2BoysTooLoud Fri 16-Sep-11 09:48:25

Oh I hate drama queen moodiness/ sulking. YANBU. You can't win with moody people because if you ask what the matter is they may tell you or they may continue to strop about.
I actually think it is a form of bullying and very boring for everyone else.
I too would find it hard to pretend everything was fine when she decided to finish playing power games and snap herself out of it.

aldiwhore Fri 16-Sep-11 10:56:51

I guess it depends on whether she was actually rude to you, or whether she was just quiet and not quite with it. I have moods where other people's ramblings just don't interest me, and whilst I'm never rude, sometimes I can't pretend to be interested.

Will say though that I tend to stay out of the way when I feel like this.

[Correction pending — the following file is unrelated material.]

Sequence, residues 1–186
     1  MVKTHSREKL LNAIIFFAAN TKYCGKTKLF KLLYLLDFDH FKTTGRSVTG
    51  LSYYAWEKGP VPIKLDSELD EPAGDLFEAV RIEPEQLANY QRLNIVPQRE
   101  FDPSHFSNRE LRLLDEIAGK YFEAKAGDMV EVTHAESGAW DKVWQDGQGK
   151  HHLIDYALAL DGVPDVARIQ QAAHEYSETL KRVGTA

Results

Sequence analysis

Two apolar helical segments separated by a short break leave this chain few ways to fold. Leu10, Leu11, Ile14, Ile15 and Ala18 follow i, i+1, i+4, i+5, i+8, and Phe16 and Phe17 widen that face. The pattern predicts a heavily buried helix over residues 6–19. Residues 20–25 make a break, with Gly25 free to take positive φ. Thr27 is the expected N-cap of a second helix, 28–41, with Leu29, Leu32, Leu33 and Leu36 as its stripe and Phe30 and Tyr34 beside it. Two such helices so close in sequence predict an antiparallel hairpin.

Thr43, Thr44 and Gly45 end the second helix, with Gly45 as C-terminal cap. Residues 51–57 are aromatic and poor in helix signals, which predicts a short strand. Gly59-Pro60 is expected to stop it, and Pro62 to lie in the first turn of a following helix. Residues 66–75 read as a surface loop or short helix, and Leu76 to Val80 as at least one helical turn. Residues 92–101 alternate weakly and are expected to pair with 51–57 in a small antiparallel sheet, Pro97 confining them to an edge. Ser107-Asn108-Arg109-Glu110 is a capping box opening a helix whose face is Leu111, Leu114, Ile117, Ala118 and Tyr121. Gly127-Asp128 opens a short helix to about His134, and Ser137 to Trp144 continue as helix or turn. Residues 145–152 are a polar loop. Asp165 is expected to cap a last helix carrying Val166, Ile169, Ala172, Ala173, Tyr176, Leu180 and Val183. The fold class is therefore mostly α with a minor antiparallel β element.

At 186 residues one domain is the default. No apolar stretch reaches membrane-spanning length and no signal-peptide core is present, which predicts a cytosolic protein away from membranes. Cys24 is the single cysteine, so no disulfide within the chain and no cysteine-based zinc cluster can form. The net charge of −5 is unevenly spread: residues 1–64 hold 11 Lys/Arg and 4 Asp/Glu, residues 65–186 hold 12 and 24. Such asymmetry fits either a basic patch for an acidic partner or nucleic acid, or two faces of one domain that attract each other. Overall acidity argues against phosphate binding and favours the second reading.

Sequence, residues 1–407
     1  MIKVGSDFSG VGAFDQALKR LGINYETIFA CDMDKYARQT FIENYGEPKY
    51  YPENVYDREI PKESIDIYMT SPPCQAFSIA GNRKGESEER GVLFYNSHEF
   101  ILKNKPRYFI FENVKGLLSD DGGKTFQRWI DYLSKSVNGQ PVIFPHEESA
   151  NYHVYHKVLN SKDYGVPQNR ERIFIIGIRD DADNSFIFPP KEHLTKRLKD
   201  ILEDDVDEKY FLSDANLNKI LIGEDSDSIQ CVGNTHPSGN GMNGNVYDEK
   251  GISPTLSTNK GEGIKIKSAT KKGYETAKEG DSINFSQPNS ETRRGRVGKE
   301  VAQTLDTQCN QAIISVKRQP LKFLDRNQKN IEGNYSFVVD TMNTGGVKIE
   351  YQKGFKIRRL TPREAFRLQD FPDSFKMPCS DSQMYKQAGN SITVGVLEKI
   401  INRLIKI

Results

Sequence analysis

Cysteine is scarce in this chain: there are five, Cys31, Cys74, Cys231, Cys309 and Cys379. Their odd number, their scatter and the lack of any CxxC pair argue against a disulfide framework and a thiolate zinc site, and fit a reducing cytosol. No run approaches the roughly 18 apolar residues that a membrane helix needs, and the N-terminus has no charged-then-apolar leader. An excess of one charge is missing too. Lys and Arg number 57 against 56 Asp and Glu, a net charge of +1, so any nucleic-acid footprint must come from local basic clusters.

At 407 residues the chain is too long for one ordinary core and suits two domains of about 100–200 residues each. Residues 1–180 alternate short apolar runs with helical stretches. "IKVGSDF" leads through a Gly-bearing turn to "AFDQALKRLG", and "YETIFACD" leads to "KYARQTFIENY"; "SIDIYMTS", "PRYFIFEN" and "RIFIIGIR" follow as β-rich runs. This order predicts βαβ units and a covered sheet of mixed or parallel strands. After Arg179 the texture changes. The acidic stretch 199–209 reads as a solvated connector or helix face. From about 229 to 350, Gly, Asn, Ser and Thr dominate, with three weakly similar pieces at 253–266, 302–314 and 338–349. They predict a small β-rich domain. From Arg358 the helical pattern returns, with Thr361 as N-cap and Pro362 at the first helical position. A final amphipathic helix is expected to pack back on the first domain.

I still wouldn't make an issue out of it. Especially if she's usually lovely, that's her 'normal' state, she's human we all have days where we're not really engaging.

flicktheswitch Fri 16-Sep-11 13:12:50

Message withdrawn at poster's request.

moffat Fri 16-Sep-11 14:30:24

aldi... I think it is rudeness, for example when I mentioned anyone from my side of the family she totally blanked me....did not say goodbye when she left...if I came into the room she moved to another room....and I like a moron was trying to make conversation.

flicktheswitch definitely not menopausal. She has been like this before.Most of the time she is fine, if a little self-centred eg if I tell her something about dcs she immediately talks about her other gcs, and just in general sees the world mostly in relation to herself. She can be a great help and very kind sometimes but she does have a temper as well.